668. Ribavirin in treatment of Crimean-Congo Hemorrhagic Fever (CCHF): An international multicenter retrospective analysis
Session: Poster Abstract Session: Oh, Those Pesky Viruses!
Thursday, October 27, 2016
Room: Poster Hall
Posters
  • idweek2016 cchf.pdf (618.3 kB)
  • Background:CCHF is a fatal viral hemorrhagic illness transmitted by ticks with no proven antiviral treatment. While ribavirin has been proposed as a potential therapy, results of previous studies are not conclusive. This multi-centric study is aimed to evaluate the efficacy of Ribavirin in treatment of CCHF.

    Methods:In a multi-center, non-interventional, retrospective observational study, 543 Turkish and Iranian hospitalized CCHF patients were evaluated (2011-2015). Patients’ demographic, epidemiological, clinical characteristics, laboratory data, treatment and outcome variables were compared between patients who received ribavirin and supportive therapy and those who only received supportive therapy. Data analysis was performed by SPSS 16.0.

    Results:Data for 543 patients from 7 centers were reviewed (Table 1). Ribavirin was administered to 198 patients (36.5%) who were mainly younger than 65 years old (85%) and male (%65.2). Leukocyte count on admission was significantly higher in ribavirin group (P=0.023). PT and aPTT on admission were significantly higher in the ribavirin group (p=0.047 and 0.006, respectively), while bleeding was not significantly different (0.246). Platelets, Hemoglobin, liver enzymes, INR, CPK, LDH and D-Dimer levels on admission were not significantly different between groups. Ribavirin group had a significantly longer duration of hospitalization (7.4±3.3 vs. 7.3±5.6, P=0.042). Overall, 44 patients died of CCHF (8%). Mortality was observed in 15 patients who received ribavirin (7.6%) and in 29 (8.4%) patients in the non-ribavirin group. (P=0.733). Nine patients died within the first 3 days (3 received ribavirin). Time from hospitalization to death was 6.4±5.9 days in the ribavirin vs. 5.3±2.7 days in non-ribavirin group (p=0.867). During hospitalization, platelet counts were significantly lower in the ribavirin group (P<0.05), while leukocyte and hemoglobin counts were not significantly different (Table 2). Ribavirin group significantly needed more plasma transfusions (43.4% vs. 29.3%) (P=0.001). Need for platelet and erythrocyte transfusions were similar among two groups while in thrombocytopenic patients, ribavirin patients needed more frequent platelet transfusions (P=0.013).

    Conclusion:Our findings suggest that ribavirin use did not significantly improve outcome in CCHF patient.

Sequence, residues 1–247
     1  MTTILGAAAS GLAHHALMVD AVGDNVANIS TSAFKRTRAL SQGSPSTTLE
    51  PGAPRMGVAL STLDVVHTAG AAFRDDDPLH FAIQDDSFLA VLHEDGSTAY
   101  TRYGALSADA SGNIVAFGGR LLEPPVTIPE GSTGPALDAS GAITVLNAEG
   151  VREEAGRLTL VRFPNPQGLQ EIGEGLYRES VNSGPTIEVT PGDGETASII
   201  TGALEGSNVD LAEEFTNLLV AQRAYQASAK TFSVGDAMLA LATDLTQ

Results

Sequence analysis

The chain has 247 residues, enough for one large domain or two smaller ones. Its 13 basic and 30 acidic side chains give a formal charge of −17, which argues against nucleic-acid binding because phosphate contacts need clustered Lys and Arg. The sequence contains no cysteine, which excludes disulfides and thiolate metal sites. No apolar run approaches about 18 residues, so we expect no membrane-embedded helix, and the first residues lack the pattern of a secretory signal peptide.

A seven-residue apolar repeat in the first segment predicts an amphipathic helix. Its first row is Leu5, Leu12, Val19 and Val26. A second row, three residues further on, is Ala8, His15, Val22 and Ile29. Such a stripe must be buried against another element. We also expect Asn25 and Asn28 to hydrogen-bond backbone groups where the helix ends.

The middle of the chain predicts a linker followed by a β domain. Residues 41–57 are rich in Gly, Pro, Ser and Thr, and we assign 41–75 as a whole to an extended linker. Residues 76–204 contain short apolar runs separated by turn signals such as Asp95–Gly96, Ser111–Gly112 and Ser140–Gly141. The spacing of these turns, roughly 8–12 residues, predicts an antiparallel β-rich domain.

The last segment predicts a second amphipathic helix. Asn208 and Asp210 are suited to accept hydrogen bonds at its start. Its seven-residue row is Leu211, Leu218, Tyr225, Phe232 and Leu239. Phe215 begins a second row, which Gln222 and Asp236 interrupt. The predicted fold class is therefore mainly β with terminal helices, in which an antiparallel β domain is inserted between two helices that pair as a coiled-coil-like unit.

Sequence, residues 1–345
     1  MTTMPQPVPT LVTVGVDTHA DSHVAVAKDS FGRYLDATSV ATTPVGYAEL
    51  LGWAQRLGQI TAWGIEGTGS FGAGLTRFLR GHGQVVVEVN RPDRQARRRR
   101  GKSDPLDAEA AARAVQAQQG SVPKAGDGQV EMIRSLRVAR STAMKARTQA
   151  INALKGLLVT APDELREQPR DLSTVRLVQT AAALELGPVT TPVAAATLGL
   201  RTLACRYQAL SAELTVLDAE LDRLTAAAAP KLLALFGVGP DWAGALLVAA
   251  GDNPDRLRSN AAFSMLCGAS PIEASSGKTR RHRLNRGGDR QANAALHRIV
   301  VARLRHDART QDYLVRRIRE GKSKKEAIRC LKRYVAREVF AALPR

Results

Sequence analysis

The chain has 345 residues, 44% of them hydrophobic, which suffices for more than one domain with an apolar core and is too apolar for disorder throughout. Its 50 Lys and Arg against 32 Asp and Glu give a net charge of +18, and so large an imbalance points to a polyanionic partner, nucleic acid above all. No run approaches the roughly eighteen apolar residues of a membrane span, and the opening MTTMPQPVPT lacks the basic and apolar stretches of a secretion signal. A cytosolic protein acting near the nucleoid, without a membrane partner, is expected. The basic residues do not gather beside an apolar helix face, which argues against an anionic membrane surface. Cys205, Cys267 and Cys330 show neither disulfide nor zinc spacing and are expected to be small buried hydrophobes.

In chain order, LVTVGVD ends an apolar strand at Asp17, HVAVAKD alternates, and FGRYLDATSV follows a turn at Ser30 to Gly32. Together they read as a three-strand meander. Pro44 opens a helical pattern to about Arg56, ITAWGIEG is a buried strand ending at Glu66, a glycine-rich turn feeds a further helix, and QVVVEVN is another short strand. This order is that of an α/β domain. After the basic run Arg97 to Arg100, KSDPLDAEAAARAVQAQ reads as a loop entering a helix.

Gürdal Yilmaz, associated professor1, Mustafa Sunbul, proffessor2, Derya Yapar, MD3, Nurcan Baykam, proffessor3, Imran Hasanoglu, MD4, Rahmet Guner, Prof.4, Sener Barut, associated professor5, Emin Ediz Tutuncu, Assoc. Prof.6, Ferdi Gunes, assistant5, Firdevs Aksoy, Assistant Professor1, Selcuk Kaya, Associate Professor1, Ilkay Bozkurt, Assistant Professor2, Irfan Sencan, Prof.6, Parisa Khorgami, MD7, Naeimeh Fatollahzadeh, MD7, Maryam Keshtkar-Jahromi, MD, MPH8 and Iftihar Koksal, proffessor1, (1)Department of Infectious Diseases and Clinical Microbiology, Karadeniz Technical University Medical Faculty, Trabzon, Turkey, (2)Department of Infectious Diseases and Clinical Microbiology, Ondokuz Mayis University Medical School, Samsun, Turkey, (3)Department of Infectious Diseases and Clinical Microbiology, Hitit University Medical School, Corum, Turkey, (4)Infectious Diseases and Clinical Microbiology, Yildirim Beyazit University School of Medicine, Ankara, Turkey, (5)Department of Infectious Diseases and Clinical Microbiology, Gaziosmanpasa University Medical School, Tokat, Turkey, (6)Department of Infectious Diseases and Clinical Microbiology, Diskapi Yildirim Beyazit Training and Research Hospital, Ankara, Turkey, (7)Infectious Diseases and Tropical Medicine Research Center, Zahedan University of Medical Sciences, Zahedan, Iran (Islamic Republic of), (8)Medicine/ Infectious Diseases, Johns Hopkins University School of Medicine, Baltimore, MD

    Disclosures:

    G. Yilmaz, None

    M. Sunbul, None

    D. Yapar, None

    N. Baykam, None

    I. Hasanoglu, None

    R. Guner, None

    S. Barut, None

    E. E. Tutuncu, None

    F. Gunes, None

    F. Aksoy, None

    S. Kaya, None

    I. Bozkurt, None

    I. Sencan, None

    P. Khorgami, None

    N. Fatollahzadeh, None

    M. Keshtkar-Jahromi, None

    I. Koksal, None

    Findings in the abstracts are embargoed until 12:01 a.m. CDT, Wednesday Oct. 26th with the exception of research findings presented at the IDWeek press conferences.